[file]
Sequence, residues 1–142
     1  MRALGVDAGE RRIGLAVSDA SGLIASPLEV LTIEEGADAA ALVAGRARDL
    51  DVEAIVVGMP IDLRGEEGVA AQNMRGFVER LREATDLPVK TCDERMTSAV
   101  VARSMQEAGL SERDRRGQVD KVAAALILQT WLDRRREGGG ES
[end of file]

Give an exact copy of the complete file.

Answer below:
Sequence, residues 1–142
     1  MRALGVDAGE RRIGLAVSDA SGLIASPLEV LTIEEGADAA ALVAGRARDL
    51  DVEAIVVGMP IDLRGEEGVA AQNMRGFVER LREATDLPVK TCDERMTSAV
   101  VARSMQEAGL SERDRRGQVD KVAAALILQT WLDRRREGGG ES